The NRA’s approval rating has dropped by a net 10 percentage points, according to liberal-leaning Public Policy Polling (PPP). Positive views have dropped since late December, just after the massacre at Sandy Hook Elementary School in Newtown, Conn. Less than a week after the mass shooting, 48 percent viewed the NRA positively while 41 percent viewed the national pro-gun lobby negatively, according to PPP.

But three weeks after NRA chief executive Wayne LaPierre’s controversial press conference, in which he called for armed guards at the nation’s schools, the NRA is underwater in public approval, with 42 percent of respondents holding a positive opinion of the group and 45 percent with a negative perception, according to PPP.

PPP speculates the NRA’s drop in popularity is due to the group’s advocacy for armed guards in schools. Only 41 percent of those polled supported the proposal, and 50 percent opposed. The proposal was unpopular with Democrats and independents by large margins, but it had a 13-point net positive rating among Republicans, 52 to 39 percent.

A majority, 64 percent, also opposed arming teachers, and 53 percent favored Congress passing stricter gun laws.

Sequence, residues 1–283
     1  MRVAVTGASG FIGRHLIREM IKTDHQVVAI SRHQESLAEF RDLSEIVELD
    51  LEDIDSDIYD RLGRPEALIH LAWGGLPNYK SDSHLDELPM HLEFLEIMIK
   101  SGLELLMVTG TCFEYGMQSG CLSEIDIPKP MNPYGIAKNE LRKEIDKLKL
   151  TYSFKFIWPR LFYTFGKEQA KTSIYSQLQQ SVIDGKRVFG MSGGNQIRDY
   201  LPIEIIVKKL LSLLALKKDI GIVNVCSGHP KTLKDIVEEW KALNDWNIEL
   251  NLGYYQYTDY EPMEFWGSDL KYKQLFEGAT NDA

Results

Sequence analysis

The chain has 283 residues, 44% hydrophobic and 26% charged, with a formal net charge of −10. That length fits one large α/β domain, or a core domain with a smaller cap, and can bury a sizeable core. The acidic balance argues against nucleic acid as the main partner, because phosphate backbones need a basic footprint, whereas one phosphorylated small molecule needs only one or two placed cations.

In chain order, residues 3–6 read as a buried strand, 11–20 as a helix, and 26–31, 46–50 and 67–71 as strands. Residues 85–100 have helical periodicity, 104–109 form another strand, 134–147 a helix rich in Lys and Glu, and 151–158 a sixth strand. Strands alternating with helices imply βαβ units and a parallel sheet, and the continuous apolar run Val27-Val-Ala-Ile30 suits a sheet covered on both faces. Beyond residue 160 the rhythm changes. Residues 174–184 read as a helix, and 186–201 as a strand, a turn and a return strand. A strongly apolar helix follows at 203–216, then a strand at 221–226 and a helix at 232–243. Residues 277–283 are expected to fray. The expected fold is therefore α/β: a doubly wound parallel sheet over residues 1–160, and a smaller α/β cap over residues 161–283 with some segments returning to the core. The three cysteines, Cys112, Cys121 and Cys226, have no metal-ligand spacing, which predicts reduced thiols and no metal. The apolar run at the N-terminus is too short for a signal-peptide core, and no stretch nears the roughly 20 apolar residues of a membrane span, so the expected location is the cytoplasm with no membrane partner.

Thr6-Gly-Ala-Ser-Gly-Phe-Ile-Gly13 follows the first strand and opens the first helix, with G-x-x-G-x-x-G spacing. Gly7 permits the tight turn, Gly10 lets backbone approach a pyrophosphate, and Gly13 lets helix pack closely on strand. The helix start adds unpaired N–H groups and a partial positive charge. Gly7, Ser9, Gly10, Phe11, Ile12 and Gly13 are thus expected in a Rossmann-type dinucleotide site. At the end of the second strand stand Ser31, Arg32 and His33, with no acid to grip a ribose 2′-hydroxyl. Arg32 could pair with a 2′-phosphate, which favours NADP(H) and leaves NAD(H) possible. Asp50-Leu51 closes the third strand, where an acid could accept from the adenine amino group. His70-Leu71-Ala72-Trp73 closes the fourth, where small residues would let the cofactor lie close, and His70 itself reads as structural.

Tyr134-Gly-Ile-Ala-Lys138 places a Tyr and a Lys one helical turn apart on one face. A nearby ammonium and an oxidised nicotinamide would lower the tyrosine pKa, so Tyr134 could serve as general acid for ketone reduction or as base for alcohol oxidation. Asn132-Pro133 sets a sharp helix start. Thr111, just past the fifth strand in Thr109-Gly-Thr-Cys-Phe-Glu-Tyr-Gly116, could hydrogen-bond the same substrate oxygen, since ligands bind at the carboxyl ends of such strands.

On Dec. 27, Gallup found that the NRA had a positive net favorability of 16 points, 54 percent to 38. The organization has been viewed favorably in all but one Gallup survey on the group since 1993. 

On Jan. 2, conservative-leaning pollster Rasmussen also found that 54 percent of American adults would feel safer if their child attended a school with an armed security guard; support jumped to 62 percent among parents of school-aged children.

The NRA’s public image could be an important element in any upcoming battle over gun control. Vice President Biden, who is currently conducting meetings on the issue, said Wednesday that President Obama could take executive action to try to curb gun violence.

Biden is scheduled to meet with NRA officials Thursday.